London Councils urges agency integration to cut costs

    Spending on tackling long-term conditions, antisocial behaviour and worklessness could be cut by 15% across London through greater agency integration, a report for London Councils found today.

    Savings could be made through more use of early intervention, greater accountability of staff to customers and the removal of overlapping roles between agencies, the study by PricewaterhouseCoopers found.

    The report evaluated the potential savings from a London-wide roll-out of the government’s Total Place scheme, which aims to improve efficiency through enhanced public sector collaboration in local areas. It has been operating in two London boroughs, Croydon and Lewisham, since April 2009.

    The report looked at applying the Total Place approach, which involves mapping all public expenditure across an area, to manage chronic care, tackle antisocial behaviour among young people and return people to work.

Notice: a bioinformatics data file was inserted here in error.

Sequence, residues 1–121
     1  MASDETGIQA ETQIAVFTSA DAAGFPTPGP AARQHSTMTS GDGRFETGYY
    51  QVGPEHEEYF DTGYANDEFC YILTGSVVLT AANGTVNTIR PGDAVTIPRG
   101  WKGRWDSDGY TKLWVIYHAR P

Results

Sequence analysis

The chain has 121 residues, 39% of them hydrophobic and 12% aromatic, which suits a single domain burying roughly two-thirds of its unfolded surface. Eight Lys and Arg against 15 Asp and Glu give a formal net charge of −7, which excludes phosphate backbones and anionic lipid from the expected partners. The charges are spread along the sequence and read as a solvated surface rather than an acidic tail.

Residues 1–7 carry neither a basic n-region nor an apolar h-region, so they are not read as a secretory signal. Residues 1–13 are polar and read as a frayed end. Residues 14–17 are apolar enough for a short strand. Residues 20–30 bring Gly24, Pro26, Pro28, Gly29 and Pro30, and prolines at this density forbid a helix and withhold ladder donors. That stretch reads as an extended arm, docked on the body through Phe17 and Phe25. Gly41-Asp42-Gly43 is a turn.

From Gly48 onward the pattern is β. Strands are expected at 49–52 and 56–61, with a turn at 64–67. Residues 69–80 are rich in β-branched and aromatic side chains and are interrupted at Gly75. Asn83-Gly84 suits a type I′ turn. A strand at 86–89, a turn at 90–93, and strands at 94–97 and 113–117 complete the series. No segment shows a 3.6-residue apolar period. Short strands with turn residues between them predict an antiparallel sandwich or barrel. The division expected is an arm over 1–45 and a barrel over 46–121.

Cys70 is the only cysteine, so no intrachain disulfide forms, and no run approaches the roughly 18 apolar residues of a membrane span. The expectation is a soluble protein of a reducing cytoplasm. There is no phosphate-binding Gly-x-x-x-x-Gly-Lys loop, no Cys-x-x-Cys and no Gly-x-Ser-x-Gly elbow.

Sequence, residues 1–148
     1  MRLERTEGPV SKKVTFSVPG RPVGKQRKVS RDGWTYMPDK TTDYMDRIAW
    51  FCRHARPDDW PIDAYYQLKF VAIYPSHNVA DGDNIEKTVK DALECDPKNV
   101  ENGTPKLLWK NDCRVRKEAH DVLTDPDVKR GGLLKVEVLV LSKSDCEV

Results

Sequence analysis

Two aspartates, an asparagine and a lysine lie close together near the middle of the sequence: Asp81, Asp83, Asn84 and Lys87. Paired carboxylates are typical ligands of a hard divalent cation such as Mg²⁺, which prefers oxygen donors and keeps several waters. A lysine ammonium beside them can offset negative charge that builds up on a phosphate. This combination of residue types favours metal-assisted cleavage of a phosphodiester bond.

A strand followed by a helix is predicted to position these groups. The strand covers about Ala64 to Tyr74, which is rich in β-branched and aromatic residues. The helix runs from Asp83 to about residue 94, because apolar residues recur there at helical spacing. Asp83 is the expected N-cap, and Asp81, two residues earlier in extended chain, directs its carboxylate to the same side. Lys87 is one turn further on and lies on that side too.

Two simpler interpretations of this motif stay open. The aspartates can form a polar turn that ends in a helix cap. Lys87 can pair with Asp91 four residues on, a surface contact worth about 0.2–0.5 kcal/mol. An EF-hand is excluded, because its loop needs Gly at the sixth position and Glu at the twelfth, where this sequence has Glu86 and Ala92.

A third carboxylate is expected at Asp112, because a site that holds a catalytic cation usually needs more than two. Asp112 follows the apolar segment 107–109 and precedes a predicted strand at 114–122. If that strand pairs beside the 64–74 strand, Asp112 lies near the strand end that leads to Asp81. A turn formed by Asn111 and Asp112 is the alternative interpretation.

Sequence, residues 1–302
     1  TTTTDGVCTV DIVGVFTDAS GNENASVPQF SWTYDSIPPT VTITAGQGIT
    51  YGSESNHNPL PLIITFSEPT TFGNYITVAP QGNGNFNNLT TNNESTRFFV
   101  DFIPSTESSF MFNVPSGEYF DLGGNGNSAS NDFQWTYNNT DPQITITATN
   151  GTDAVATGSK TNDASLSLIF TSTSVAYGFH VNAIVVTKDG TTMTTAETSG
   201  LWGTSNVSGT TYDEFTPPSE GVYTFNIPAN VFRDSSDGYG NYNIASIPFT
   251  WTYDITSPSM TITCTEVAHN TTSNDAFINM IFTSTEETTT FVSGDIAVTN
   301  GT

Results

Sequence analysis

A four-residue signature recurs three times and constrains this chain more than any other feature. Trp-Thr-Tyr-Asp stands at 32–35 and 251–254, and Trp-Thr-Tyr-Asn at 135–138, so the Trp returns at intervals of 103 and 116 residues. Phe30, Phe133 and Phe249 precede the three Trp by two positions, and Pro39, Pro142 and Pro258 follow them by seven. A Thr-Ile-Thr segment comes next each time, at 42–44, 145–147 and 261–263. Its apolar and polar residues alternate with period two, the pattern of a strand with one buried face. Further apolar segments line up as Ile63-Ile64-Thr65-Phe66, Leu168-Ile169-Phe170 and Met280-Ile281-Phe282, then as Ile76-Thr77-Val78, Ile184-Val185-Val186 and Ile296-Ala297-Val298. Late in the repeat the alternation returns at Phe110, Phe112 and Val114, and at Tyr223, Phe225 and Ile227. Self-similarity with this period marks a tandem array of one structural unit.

It found £1.6bn a year could be saved on the current budget of £10.6bn.

    The report estimated that expenditure by councils on social care for people with chronic conditions in London totalled nearly £2bn a year, with PCTs spending a further £3bn. It said services were too fragmented and concentrated on treating acute needs rather than preventing people from entering the acute care system.

    It calculated annual savings of £880m could be made across the £5bn budget by shifting NHS spending towards prevention and by building care around patient needs to ensure it was delivered in the most appropriate setting. This should include more use of individual budgets.

    The report also proposed greater use of individual budgets in the welfare-to-work system, with claimants controlling resources now spent on them to help improve their employment prospects. It said this approach could help hive £630m a year off the £5bn cost of worklessness to London’s public sector.

    To tackle antisocial behaviour among young people, the report recommended more intensive support for offenders early in their offending powered by greater co-operation between agencies and the integration of youth offending teams into local authorities.

    It said savings of 10% could be made on current spending of £650m a year in London. The report called on local authorities to take a lead in these reforms but said moving to such a system would require considerable investment in the short-term.

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